Psychiatry/Primary Health Care Selective
Available in 2012
|Callaghan Campus||Semester 1|
Previously offered in 2011, 2010, 2009, 2008, 2007, 2006, 2005
In relation to psychiatry the course is a type of clinical apprenticeship. Students will be expected to attend all functions of the unit to which they are attached, including participating in ward rounds, clinical clerking of patients, and other unit activities. There will be regular discussion of issues pertaining to diagnosis and treatment of patients with registrars and consultant psychiatrists. Students will learn how to identify, assess and manage common psychiatric disorders and psychosocial problems.
In relation to the primary health care selective, students will work primarily in rural and urban centres with community health staff and general practitioners focusing on the management of chronic illness and disability in the community. This course is offered in both Semester IX and Semester X, on a rotating basis. Full-time students who enrol in Psychiatry/Primary Health Care Selective must enrol concurrently in Medicine. In exceptional circumstances, such as when a student fails one of the concurrent courses, enrolments outside of these concurrent arrangements may be approved by the Head of School.
This course is a Compulsory Program Component and students must pass in order to complete the Bachelor of Medicine program.
By the end of the course, the student will demonstrate the following attributes, to a level similar to that of an intern:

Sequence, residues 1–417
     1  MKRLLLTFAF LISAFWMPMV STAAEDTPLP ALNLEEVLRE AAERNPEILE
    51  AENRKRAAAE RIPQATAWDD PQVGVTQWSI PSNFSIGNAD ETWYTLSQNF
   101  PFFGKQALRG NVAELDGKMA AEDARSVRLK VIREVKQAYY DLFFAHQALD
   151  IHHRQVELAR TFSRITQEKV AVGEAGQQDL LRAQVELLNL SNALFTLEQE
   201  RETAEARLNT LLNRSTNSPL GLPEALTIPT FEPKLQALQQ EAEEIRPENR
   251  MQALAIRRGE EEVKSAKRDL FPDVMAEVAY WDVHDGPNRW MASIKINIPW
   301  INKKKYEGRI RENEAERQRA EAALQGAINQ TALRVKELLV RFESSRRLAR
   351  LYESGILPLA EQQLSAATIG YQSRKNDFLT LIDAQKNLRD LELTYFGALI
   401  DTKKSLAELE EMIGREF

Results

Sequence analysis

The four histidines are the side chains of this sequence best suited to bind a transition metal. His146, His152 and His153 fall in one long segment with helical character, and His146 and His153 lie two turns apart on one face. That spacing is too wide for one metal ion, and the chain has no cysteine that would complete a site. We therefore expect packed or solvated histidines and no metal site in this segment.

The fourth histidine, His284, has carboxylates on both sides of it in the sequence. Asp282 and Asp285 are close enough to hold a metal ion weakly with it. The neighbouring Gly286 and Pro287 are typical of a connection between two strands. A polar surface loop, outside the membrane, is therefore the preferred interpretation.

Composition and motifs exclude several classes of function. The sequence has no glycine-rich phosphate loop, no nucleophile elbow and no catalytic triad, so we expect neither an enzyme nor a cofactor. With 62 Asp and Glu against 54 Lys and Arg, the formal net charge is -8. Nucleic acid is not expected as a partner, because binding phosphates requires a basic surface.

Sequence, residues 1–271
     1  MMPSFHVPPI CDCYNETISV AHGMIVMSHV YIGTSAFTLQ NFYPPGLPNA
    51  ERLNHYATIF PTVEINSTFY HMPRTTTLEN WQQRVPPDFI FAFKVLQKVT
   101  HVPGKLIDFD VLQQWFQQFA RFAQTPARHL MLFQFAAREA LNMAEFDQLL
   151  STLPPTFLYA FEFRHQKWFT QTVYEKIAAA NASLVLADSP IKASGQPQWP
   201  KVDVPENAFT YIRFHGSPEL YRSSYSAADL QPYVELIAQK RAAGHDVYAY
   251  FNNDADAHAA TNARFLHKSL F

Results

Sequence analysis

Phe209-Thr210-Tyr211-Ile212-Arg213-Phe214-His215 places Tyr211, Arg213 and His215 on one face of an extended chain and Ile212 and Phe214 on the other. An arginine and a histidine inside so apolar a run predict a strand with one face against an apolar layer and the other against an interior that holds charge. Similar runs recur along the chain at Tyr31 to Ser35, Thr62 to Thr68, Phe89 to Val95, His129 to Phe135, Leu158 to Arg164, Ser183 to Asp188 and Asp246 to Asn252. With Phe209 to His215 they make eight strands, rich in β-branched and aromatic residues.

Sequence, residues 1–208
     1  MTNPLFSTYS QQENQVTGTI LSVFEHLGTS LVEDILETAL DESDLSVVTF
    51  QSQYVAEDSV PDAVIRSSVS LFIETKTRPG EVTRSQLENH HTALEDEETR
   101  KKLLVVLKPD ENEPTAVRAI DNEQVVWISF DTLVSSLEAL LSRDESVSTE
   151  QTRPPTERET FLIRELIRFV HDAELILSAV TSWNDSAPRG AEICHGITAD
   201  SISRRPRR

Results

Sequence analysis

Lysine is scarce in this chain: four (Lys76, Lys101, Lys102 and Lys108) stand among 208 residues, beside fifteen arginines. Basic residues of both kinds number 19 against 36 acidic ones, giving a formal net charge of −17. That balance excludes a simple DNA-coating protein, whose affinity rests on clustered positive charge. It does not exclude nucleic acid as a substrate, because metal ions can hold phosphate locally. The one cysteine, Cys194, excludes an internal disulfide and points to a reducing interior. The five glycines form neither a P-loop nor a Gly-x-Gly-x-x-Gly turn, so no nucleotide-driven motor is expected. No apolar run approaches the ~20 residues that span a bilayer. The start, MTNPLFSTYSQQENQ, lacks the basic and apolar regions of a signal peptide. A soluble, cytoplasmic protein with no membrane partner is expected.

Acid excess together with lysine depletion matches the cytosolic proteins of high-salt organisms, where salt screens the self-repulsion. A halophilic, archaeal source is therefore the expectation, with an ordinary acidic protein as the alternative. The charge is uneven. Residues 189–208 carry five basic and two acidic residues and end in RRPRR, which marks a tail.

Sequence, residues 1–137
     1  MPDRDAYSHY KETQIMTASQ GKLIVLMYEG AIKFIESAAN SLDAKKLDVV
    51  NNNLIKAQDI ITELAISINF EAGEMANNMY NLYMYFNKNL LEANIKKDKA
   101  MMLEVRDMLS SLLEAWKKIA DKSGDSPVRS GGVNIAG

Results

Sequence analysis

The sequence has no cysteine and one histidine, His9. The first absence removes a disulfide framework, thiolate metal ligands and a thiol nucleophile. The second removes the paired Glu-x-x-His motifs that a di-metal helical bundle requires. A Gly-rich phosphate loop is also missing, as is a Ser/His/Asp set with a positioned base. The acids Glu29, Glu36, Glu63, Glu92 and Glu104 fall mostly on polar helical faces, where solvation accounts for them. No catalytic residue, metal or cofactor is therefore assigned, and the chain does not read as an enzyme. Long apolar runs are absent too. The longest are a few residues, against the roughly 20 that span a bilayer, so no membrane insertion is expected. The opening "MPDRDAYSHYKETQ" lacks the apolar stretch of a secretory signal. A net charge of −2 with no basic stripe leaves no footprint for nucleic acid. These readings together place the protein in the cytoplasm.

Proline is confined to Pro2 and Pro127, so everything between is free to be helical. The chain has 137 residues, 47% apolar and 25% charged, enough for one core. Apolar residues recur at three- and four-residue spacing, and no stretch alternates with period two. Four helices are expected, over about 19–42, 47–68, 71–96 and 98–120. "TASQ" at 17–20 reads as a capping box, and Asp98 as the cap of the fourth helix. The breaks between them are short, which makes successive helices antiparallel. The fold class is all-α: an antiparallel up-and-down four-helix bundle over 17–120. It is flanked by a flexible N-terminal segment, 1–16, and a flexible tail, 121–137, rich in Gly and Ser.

1. The aetiology, pathology, symptoms and signs, natural history and prognosis of common mental ailments in children, adolescents, adults and the aged. A more detailed knowledge is required of those conditions that require urgent assessment and treatment.
2. Common diagnostic procedures in relation to psychiatry including their uses and limitations.
3. Management of common psychiatric conditions
4. Understand the doctor's role within the context of the primary health system
5. Management of common conditions encountered in general practice and primary health care
6. The role of the general practitioner and the primary health care team in chronic care
7. The impact of social context on health care, with particular focus on health care in a rural community
8. Understand the effect of cultural, physical, language, religious, education and economic backgrounds on patient's access to and communication with the primary health care team as outlined in the Alma Ata
1. The capacity to obtain an accurate, problem-oriented, tactful and organised medical history in relation to psychiatry and the general practice consultation.
2. The capacity to perform an accurate, problem-oriented, tactful and organised physical and mental state examination.
3. The capacity to interpret and integrate the history and physical examination findings to arrive at an appropriate diagnosis and differential diagnosis, and to identify the personal and social problems to which the illness may give rise in relation to psychiatry and the general practice/community health setting.